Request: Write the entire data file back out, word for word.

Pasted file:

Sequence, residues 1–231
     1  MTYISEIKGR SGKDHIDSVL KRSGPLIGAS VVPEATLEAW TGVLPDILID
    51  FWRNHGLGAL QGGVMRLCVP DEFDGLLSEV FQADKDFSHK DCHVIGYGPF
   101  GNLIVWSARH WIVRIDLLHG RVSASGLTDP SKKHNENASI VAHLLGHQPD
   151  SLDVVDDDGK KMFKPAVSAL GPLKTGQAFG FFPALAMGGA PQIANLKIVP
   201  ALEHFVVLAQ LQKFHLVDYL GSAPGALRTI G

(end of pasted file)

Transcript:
Sequence, residues 1–231
     1  MTYISEIKGR SGKDHIDSVL KRSGPLIGAS VVPEATLEAW TGVLPDILID
    51  FWRNHGLGAL QGGVMRLCVP DEFDGLLSEV FQADKDFSHK DCHVIGYGPF
   101  GNLIVWSARH WIVRIDLLHG RVSASGLTDP SKKHNENASI VAHLLGHQPD
   151  SLDVVDDDGK KMFKPAVSAL GPLKTGQAFG FFPALAMGGA PQIANLKIVP
   201  ALEHFVVLAQ LQKFHLVDYL GSAPGALRTI G